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Ukraine's regional ethnographic cultures, not always congruent with oblast boundaries are: Donbas, Slobozhanshchyna, Zaporizhzhya, Steppes Ukraine, Poltava, Cherkasy, Polissya, Podillya, Volyn, Halychyna, Bukovyna, Transcarpathia, and Crimea.
Crimean Tatar culture predominates in Crimea, and the Hutsul highlanders live in Halychyna, Bukovyna, and Transcarpathia. Ukraine's 1989 census showed a population of 51,452,000.
Formerly repressed, Ukrainian and other ethnic languages in Ukraine flourished at the end of the twentieth century.
After 1991 a new generation of Ukrainian writers began to free this image from its victimization aspects. Ukrainian nationhood begins with the Kyivan Rus realm, which arose from a unification of Antian tribes between the sixth and ninth centuries.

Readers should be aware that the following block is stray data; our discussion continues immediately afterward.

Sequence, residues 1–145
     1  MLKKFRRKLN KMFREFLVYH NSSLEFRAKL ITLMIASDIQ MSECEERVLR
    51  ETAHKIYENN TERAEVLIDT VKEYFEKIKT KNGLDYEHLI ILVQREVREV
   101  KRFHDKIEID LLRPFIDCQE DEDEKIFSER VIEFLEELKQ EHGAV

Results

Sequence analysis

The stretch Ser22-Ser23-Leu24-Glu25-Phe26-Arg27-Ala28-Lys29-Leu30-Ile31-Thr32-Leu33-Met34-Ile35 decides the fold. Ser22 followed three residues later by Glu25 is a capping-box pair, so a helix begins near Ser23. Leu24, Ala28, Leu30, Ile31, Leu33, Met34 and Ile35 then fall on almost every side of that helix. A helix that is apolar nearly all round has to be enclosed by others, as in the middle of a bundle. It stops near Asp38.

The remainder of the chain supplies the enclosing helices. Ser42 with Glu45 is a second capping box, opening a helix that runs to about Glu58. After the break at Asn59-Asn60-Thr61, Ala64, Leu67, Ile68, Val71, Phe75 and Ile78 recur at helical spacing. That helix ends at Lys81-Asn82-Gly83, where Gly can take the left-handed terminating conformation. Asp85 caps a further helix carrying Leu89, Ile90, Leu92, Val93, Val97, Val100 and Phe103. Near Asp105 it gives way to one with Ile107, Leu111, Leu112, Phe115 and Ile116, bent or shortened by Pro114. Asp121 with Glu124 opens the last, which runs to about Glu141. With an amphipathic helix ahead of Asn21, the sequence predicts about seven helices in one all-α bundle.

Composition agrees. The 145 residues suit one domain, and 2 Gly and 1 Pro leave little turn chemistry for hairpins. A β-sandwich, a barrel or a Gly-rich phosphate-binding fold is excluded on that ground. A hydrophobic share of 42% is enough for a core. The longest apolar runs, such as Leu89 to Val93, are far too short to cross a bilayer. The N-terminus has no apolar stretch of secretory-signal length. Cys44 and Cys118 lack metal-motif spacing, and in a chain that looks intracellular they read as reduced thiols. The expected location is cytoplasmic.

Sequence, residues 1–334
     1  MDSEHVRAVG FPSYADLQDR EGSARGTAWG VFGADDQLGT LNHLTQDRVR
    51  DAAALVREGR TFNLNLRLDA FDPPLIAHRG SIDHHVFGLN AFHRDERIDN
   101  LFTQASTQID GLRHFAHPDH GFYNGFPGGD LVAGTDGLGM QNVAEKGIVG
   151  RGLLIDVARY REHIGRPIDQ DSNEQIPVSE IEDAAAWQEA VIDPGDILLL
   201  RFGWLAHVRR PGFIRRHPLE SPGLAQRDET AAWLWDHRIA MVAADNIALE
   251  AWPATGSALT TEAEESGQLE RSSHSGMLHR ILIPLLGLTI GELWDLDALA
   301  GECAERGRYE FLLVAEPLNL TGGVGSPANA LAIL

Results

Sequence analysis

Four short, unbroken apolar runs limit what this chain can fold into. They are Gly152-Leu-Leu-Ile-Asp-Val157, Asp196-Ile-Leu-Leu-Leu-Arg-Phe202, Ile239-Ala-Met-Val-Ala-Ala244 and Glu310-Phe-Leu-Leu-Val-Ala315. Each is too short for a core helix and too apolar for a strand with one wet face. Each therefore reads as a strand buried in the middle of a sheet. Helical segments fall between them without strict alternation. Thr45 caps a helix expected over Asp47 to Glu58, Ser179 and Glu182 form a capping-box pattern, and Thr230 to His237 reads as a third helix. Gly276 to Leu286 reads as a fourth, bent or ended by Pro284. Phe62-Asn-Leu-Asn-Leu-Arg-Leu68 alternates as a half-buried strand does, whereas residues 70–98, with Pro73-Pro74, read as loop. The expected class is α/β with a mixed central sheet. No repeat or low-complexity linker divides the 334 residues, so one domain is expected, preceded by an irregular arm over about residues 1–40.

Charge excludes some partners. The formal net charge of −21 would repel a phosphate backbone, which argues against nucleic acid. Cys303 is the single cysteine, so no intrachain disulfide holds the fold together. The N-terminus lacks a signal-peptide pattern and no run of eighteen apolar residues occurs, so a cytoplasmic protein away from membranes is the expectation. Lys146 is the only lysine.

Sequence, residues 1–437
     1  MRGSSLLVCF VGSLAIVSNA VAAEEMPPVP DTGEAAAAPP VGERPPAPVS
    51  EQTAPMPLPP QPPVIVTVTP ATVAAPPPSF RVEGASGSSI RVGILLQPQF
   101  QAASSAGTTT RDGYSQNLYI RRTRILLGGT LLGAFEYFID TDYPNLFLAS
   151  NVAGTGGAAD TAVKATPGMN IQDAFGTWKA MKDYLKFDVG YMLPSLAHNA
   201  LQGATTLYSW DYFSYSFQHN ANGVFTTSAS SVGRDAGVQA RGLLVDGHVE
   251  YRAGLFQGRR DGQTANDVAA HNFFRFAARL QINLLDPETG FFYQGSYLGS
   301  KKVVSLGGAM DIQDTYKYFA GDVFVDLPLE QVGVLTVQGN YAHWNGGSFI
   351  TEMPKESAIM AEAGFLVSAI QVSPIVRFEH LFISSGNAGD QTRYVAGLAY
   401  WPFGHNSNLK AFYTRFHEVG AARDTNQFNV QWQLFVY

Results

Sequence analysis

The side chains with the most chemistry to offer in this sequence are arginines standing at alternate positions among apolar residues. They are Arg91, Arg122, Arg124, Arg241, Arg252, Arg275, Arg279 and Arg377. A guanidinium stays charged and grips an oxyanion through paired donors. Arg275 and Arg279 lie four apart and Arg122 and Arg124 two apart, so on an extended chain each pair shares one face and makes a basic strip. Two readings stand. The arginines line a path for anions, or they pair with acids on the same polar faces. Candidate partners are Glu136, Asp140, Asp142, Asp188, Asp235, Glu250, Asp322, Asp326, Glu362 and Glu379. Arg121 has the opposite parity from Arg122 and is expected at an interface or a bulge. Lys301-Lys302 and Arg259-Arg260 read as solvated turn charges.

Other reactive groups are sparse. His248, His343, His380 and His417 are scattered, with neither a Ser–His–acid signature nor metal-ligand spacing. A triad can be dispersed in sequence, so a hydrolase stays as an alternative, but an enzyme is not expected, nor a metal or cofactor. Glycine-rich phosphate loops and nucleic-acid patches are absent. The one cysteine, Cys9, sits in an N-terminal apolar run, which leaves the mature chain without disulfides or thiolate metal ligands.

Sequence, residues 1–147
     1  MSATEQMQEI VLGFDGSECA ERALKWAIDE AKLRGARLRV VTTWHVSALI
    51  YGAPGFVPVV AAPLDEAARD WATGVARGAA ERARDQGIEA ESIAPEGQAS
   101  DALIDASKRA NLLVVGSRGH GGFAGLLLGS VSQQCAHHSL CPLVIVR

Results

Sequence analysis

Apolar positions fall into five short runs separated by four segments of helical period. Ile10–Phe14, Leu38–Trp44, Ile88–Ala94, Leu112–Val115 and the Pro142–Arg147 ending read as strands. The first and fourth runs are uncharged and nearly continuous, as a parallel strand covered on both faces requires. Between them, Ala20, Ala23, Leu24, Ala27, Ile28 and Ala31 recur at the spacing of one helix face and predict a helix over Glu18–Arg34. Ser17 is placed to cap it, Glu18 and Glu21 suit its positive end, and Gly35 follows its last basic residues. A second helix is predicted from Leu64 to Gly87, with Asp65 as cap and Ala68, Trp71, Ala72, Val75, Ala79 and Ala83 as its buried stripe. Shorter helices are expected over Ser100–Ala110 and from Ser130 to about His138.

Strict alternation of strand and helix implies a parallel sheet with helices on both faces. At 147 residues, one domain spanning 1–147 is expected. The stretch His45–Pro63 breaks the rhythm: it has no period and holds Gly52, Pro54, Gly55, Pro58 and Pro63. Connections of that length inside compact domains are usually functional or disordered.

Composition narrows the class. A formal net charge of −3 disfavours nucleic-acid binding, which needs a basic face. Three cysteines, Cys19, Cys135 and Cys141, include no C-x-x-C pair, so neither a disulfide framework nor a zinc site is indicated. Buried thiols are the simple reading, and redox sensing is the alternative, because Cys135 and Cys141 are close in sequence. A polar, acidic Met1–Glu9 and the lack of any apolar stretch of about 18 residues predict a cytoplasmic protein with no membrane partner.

Its Cyrillic alphabet is phonetic; its grammar is synthetic, conveying information through word modification rather than order.
Contemporary literary Ukrainian developed in the eighteenth century from the Poltava and Kyiv dialects.
However, local pro-communist officials still resist Ukrainian and other ethnic languages except Russian in public life. The traditional Ukrainian symbols—trident and blue-and-yellow flag—were officially adopted during Ukrainian independence in 1917–1920 and again after the declaration of independence in 1991.
The trident dates back to the Kyivan Rus as a pre-heraldic symbol of Volodymyr the Great.